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Coal and climate
Sensemaker audio

Coal and climate

Coal and climate

In Cumbria, there’s a plan for a new coal mine. Should we say no to it for the sake of the planet?

Claudia Williams, narrating:

Hi, I’m Claudia and this is the Sensemaker.

One story every day to make sense of the world. 

Today, carbon is killing the planet – so why is Cumbria fighting for a new coal mine?


“Good afternoon. Today I gave my evidence to the ongoing inquiry into the West Cumbria Mining planning application for Woodhouse Colliery…”

Mike Starkie, Mayor of Copeland

This is Mike Starkie.

“As promised, I’ll keep you updated as we go through this inquiry…”

Mike Starkie, Mayor of Copeland

He’s the Mayor of Copeland in Cumbria. 

And since he was elected in 2015, Mike Starkie has been pushing for new investment in an old harbour town: Whitehaven.

“Cumbria County Council has given unanimous consent for Britain’s first deep coal mine in more than 30 years. It aims to produce 3 million tonnes of coking coal for the steel industry each year.”

ITV News

West Cumbria Mining wants to build a new, deep coal mine in Whitehaven. It’s the first proposal like it in decades. 

They claim that it will create 500 jobs, and stop the UK steelmaking industry being so dependent on Australia and North America for the coal needed to fire its furnaces.

Now you might be thinking, wait a second, coal is a fossil fuel. It pollutes. It creates greenhouse gases. 

And it’s hard not to notice that we’re currently in the middle of COP. The United Nations’ Climate Change Conference in Glasgow, just 134 miles up the road from Whitehaven. Just this week Boris Johnson told the conference he was no longer “in favour” of coal. 

It looks a little hypocritical to be planning to build a coal mine just down the road while the UK is urging other nations to ditch carbon. 

So the question is, what’s going on?


“All through the night, all through this coal, the finest in the world, has travelled down to the sea, down to the ships, to sail to every land whose commodities Great Britain need in exchange. Outward bound to complete the full cycle of trade and commerce on which depends the prosperity of all the people int eh world.”

The Coal Miners Of Britain, 1941, Charlie Dean Archives

Coal powered the Industrial Revolution. It helped turn Britain into one the world’s leading economies.  And it brought jobs: in 1920, there were almost 1.2 million miners in the UK.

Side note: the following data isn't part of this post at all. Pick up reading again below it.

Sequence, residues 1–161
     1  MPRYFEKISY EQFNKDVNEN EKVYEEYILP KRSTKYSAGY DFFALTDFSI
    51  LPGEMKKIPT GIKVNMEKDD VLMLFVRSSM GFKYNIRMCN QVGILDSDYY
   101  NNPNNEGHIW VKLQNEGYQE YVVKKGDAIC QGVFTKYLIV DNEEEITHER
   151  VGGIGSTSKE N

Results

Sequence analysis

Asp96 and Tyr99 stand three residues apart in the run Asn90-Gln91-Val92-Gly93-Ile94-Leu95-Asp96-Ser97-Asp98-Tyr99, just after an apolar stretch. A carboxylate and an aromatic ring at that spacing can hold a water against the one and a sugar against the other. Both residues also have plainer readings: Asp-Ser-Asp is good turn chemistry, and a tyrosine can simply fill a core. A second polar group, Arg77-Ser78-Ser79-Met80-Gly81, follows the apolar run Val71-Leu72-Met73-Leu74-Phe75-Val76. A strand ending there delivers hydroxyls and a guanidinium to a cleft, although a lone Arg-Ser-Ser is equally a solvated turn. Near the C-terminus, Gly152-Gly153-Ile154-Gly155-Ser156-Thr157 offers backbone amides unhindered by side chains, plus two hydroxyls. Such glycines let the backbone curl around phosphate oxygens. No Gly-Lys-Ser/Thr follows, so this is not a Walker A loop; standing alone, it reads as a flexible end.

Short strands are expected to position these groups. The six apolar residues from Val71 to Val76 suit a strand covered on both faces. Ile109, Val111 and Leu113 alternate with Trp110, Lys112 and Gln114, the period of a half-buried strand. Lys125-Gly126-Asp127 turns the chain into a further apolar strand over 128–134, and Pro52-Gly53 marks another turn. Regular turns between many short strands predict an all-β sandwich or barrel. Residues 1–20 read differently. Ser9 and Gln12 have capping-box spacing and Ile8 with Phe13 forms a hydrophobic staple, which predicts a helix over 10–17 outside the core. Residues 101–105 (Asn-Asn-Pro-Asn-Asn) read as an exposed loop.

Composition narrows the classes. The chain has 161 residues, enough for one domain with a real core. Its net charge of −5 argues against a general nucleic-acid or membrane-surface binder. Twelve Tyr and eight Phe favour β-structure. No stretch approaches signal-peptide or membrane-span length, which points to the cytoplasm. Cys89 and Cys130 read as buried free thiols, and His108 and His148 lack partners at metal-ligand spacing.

But Britain has radically reduced its dependence on coal over the last 100 years. Fewer than 2,000 people now work in mining.

“And what I think the whole world needs to understand is that you can reduce dependence on coal very fast… and I think people can see what Britain has done.”

Boris Johnson

In the last decade alone, Britain’s coal production has dropped more than 90 per cent. And the last deep coal mine in the country was closed the same year Mike Starkie was elected in 2015. 

By 2024, the UK plans to phase out coal for electricity completely. 

So why is Mike Starkie so keen on coal?

One word. Jobs.

“The West Cumbria mining project will deliver a vital economic boost at local and regional levels…”

Mike Starkie, Mayor of Copeland

Whitehaven has had a tough time over the years. Local chemical factories and steel works have closed and as a result, jobs have gone. 

“The wards around the mine are some of the most deprived in England. Many are indeed ex-mining communities. We have severely high levels of child poverty and deprivation, health issues, and worklessness…”

Mike Starkie, Mayor of Copeland

And so Mike Starkie has been putting pressure on Boris Johnson to stick to his promise of “levelling up” the country. Because like lots of other “Red Wall” constituencies, Copeland turned Tory in 2017 after being a Labour stronghold since 1935.  

Wanting to boost the local economy is understandable but is this coal mine really necessary, especially when it comes to making steel?


Having coal on your doorstep has its appeal – especially when you take into account the cost of shipping it around the world.   

But if the UK is to meet its carbon-cutting timetable, steelmakers need to stop using coal by 2035 anyway unless their mills are fitted with expensive carbon capture technology. 

Plus, it’s likely that investors will want to put money into so-called “green steel” production in the near future.  

But Mike Starkie maintains the mine would have little impact on overall emissions.

“And this mine will be responsible for no more than 0.1 of the UK’s 1.1 per cent. It barely registered in terms of the impact on climate change… We’ve got to focus on where we can make the big gains. Not little marginal gains that hardly register on the scale.”

Mike Starkie, Mayor of Copeland

A decision isn’t likely to be made until the new year… but it leaves Boris Johnson with a clear choice to make: economic development for a region desperate for new investment, or sticking to the promised “Green Industrial Revolution”?

Today’s story was written and produced by Imy Harper.